Farmers’ market formats like Sprouts and Fresh Thyme are going after the transitional health-oriented consumer — one migrating away from conventional options on the road to becoming a loyal natural and organic shopper, executives from the two companies told an industry audience in Anaheim, Calif.
“Food is a $600 billion industry, and natural and organics account for $100 billion, and we consider our consumer to be anyone who buys food,” Jim Nielsen, COO for Phoenix-based Sprouts Farmers Market, said.
“But we look for the customer who’s looking for a stepping-stone to better health and who’s making the transition from the conventional to the natural world.”
According to Chris Sherrell, CEO of Fresh Thyme Farmers Market, Phoenix, and the former CEO of Sunflower Farmers Market, “We target traditional shoppers with middle- to lower-level incomes who want to move up and eat better — not the high end that Whole Foods goes after. So we try to draw the trial customer with special promotions to get him into the store and then help him transition.
“Because we offer a different shopping experience, getting that customer to become loyal to us requires authenticity. And now that natural food stores are becoming more mainstream, people are less afraid to come in, and the engagement we have with them is very different from what the conventional stores offer because our people really care.”
Jay Jacobowitz, president of Retail Insights, Brattleboro, Vt., said healthy foods have become a major draw for consumers. “For 100 years the supermarket model has relied on convenience. But is convenience still No. 1 with shoppers? Today fresh and healthy foods and wellness are challenging convenience.”
According to Sherrell, “Natural and healthy is a lifestyle, and it’s the future. People don’t go back to processed food.”
The executives made their remarks during a seminar entitled “Supermarket News at Expo West: Driving Health and Wellness at Supermarkets.”
Both Sprouts and Fresh Thyme rely on pricing to draw consumers, the executives said.
Sherrell said conventional operators “can’t touch the prices we offer on fresh produce. And even if they do match us, it will only be for a short time because it will be at levels they can’t sustain. And it’s hard for them to transition to the prices we offer on natural and organics.
“It’s a question of sustainability. They can’t give away the farm on produce because that’s not their model, and they will always revert back to what they’re used to doing.”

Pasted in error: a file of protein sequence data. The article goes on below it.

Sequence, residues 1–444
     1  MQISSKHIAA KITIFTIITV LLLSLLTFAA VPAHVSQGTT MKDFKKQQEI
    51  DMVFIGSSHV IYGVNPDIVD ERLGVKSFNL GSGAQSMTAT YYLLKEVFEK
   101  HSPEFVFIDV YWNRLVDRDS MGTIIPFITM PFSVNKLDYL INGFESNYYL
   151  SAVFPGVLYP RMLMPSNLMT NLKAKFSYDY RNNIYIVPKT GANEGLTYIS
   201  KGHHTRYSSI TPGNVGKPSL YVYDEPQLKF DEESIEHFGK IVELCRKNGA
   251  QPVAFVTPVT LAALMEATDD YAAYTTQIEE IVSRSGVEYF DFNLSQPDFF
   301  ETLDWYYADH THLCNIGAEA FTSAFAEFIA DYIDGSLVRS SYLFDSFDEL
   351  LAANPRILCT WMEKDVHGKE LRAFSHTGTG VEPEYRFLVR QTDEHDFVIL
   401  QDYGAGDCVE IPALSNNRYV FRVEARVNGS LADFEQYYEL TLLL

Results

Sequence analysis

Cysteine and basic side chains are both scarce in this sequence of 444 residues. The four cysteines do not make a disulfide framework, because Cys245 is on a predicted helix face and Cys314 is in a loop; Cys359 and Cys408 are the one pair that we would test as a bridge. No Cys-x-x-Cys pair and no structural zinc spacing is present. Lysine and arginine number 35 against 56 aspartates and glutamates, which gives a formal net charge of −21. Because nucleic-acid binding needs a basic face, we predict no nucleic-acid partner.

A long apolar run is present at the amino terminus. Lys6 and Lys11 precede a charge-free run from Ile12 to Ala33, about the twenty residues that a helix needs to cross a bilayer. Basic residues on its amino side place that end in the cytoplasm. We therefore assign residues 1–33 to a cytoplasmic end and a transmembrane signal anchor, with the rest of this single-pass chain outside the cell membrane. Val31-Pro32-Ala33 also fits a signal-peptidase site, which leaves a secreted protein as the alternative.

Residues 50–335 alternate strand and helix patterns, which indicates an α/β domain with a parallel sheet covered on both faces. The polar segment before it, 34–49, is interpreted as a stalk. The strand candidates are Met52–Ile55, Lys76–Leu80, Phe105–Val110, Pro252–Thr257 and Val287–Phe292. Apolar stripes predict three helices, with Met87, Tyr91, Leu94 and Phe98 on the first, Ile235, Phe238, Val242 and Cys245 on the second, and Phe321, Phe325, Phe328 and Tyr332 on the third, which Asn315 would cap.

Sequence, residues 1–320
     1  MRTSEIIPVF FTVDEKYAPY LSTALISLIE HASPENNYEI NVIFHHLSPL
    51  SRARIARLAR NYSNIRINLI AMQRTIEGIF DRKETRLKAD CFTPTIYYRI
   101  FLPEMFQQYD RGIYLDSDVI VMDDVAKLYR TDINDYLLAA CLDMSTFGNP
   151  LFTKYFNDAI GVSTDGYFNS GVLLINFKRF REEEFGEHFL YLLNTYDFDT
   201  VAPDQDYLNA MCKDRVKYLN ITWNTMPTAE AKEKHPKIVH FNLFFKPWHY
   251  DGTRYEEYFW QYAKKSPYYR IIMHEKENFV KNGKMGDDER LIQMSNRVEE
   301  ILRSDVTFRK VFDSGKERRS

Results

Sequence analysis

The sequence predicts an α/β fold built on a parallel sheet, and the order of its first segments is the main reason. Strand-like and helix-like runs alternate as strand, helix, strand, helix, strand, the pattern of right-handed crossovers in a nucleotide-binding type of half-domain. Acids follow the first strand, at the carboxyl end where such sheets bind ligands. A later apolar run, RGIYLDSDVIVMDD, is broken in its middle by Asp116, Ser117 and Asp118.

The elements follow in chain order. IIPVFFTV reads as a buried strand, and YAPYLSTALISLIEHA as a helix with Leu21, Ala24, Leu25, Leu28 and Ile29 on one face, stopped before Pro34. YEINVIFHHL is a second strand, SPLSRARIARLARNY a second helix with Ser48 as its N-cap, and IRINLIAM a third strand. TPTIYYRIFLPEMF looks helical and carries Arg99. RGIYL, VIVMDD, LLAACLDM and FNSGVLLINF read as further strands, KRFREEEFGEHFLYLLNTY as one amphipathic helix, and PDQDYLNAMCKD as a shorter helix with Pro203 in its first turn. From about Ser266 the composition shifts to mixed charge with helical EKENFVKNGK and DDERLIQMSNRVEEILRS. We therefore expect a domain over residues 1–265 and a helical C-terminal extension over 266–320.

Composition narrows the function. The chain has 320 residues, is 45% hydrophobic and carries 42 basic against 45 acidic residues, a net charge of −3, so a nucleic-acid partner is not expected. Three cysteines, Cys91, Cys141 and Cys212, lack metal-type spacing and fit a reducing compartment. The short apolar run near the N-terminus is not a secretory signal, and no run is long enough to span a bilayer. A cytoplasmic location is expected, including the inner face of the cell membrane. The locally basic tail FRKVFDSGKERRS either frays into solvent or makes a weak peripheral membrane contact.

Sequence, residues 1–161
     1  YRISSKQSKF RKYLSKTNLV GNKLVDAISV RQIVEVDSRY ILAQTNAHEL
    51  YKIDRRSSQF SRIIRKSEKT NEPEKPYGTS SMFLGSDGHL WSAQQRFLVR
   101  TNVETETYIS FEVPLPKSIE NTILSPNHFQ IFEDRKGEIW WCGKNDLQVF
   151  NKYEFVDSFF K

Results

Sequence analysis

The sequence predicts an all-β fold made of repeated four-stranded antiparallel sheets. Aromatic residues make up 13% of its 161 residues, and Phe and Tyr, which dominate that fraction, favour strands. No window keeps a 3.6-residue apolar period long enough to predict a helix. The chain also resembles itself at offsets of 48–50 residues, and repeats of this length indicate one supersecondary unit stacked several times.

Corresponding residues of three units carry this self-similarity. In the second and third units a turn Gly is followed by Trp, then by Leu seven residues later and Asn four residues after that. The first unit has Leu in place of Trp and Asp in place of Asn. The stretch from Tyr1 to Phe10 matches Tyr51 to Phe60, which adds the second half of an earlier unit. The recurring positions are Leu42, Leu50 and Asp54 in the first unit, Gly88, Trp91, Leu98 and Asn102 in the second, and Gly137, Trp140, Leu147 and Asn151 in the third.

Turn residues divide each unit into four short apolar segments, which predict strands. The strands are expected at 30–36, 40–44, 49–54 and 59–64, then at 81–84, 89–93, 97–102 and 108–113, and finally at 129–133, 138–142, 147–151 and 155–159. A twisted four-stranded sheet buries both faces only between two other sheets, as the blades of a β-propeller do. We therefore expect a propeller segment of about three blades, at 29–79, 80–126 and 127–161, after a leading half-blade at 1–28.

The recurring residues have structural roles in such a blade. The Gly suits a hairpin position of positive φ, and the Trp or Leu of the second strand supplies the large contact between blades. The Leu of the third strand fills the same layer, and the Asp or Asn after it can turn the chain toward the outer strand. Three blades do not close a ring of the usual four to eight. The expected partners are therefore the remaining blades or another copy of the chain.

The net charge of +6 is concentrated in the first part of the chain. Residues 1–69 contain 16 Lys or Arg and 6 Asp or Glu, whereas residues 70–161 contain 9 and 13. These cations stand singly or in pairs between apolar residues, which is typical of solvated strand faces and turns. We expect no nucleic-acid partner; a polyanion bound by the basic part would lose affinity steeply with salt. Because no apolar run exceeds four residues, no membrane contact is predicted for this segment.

Nielsen, of Sprouts, offered similar remarks. “We feel good about our value proposition. We have 14 price zones across nine states and are priced 20% and 25% below the market.”
He said he’s confident that approach will work as Sprouts enters Atlanta.
“Five years ago we could sneak up on people. For example, one of our stores [that was then operating under the Henry’s banner] shared a wall with a conventional retailer at a location in Southern California, and the manager of the chain store didn’t even know who we were before we opened — until we had a record-breaking opening day. Then we saw a lot of ‘suits’ coming through our store every day and checking us out, though they couldn’t figure out what we were doing.
“The chain did sharpen its pricing. But with a company of that size that’s doing less than 5% of its business in natural and organics, it’s hard to focus on one or two competing stores.”
For a company like Sprouts to succeed, “we have to keep relevant and innovative,” Nielsen said. “But we can’t be all things to all people. We have to stay within our segment and refine it, and that’s what we’ve done as we combined the Henry’s, Sunflower and Sprouts banners.”
He said Sprouts offers 1,400 private label items, mostly commodities, “and now, with a larger operation we’re getting into more epicurean items and more exclusive products.”
Nielsen said the environment in Sprouts is different than in a conventional chain operation. “When you walk in, it’s a neighborhood store, with familiar people helping customers. Our guests like spending time with team members.”
He said Sprouts incentivizes employees with service awards and regular discounts of 15%, “and we empower them to make decisions in the stores because we need to differentiate ourselves from conventional retail.
“And when our executives visit the stores, we wear jeans, and we’re there to listen to find out things we can do better. It’s a distinct culture, and it’s the culture that builds the strategy.”
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